A Canvas for Thought

March 22, 2007

Certification: Natural versus Official Authority

Filed under: lean,perspectives — vednis @ 4:49 am

This is a re-post of a comment I made during a discussion on Scrum certification at InfoQ. It relates some of the pressures that I see affecting the software industry. (And yes, I know it mentions Dave Thomas again. What can I say? The guy’s a legend.)

I agree, certification locks up access to a profession, often to the profession’s detriment. We have all encountered people with impressive official credentials who deliver less-than-impressive real world results.

It is the difference between natural and official authority. Fotunately, many of the brightest lights in the software community have great natural authority, authority gained by doing useful things, and by helping others. It is part of the culture.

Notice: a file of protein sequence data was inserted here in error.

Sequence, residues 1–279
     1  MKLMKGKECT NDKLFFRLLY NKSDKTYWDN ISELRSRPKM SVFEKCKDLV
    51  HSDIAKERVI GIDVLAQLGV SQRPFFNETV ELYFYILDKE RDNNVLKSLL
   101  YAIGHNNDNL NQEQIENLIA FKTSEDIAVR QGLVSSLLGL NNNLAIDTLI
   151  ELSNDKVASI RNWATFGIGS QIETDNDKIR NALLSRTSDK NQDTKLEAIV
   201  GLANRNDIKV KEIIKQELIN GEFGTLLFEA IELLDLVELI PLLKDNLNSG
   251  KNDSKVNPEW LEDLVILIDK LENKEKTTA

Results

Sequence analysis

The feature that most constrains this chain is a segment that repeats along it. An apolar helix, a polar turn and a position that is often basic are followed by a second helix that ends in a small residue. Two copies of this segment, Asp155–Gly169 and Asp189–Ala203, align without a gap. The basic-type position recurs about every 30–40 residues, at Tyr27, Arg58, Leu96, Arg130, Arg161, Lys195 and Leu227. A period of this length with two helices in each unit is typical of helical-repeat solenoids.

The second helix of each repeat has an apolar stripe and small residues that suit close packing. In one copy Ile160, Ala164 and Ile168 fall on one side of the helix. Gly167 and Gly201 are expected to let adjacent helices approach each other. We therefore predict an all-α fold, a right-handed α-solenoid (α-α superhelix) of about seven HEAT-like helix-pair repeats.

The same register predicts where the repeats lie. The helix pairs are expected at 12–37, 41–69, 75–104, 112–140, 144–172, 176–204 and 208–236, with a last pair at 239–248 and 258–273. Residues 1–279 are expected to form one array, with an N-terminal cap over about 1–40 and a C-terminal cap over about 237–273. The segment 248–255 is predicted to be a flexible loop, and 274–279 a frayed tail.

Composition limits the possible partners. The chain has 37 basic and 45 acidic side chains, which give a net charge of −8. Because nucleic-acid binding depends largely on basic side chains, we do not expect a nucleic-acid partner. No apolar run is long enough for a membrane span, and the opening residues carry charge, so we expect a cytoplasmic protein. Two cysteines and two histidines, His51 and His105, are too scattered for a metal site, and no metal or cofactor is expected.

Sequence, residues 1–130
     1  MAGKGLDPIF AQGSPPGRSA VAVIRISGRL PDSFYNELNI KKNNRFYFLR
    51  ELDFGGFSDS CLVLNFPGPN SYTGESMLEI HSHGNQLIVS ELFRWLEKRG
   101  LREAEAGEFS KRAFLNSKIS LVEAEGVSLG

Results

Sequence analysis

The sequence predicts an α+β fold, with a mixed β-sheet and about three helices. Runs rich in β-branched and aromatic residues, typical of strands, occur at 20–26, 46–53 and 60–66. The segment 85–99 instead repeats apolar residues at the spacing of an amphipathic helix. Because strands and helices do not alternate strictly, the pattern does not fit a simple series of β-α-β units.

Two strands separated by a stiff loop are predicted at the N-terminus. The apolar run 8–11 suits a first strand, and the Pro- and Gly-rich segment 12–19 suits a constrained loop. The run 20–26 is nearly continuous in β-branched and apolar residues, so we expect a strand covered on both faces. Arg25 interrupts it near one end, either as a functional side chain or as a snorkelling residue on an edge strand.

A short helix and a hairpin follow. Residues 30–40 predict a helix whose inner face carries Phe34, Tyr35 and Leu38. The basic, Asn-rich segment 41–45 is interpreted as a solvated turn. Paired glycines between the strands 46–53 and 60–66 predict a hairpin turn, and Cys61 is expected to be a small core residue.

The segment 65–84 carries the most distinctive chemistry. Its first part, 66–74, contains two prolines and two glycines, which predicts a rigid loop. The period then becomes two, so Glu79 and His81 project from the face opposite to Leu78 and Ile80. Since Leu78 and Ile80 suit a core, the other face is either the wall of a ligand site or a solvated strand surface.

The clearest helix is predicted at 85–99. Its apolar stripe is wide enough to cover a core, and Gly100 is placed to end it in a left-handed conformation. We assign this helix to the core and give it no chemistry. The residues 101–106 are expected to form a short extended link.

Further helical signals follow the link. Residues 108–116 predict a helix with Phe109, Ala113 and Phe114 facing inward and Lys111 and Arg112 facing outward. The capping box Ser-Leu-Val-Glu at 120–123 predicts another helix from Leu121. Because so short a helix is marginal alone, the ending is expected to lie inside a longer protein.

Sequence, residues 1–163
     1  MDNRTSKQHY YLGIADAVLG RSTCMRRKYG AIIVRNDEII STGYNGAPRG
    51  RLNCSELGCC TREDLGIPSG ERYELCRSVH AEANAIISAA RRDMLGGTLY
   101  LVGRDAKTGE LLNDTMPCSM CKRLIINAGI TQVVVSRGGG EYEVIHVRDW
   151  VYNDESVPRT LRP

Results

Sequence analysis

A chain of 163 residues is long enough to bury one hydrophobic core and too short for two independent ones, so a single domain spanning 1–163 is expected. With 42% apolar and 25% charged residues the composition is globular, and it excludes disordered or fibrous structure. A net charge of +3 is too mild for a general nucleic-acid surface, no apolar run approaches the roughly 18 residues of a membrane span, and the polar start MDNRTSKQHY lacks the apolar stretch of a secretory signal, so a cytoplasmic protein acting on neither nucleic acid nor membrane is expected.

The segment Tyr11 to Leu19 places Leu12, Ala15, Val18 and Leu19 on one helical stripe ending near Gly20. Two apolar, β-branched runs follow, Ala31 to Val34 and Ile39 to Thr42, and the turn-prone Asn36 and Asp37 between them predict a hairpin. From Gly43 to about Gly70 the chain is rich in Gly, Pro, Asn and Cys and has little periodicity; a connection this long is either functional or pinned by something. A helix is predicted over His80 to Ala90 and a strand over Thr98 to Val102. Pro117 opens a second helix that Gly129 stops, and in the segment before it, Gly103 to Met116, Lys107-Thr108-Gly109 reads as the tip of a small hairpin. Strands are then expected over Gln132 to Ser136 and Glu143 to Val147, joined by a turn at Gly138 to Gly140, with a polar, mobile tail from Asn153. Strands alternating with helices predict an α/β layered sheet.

I think the problem comes when you attempt to reconcile software’s culture with the rest of society as a whole. We are pressured into becoming an “official” profession in the vein of doctors, lawyers, and engineers. But what is wrong with aligning ourselves with professions that value experience and results, like sports, or the arts?

Dave Thomas, one of the Pragmatic Programmers, aludes to the problem of authority in his presentation titled “Herding Racehorses, Racing Sheep”. He notes how nursing faced similar challenges as software, and how they reconciled official and natural authority within their profession. Why can’t we do the same?

I am glad that the rise of agile and the certification debate are pushing these issues to the forefront. Software won’t realize its full potential until they are resolved.

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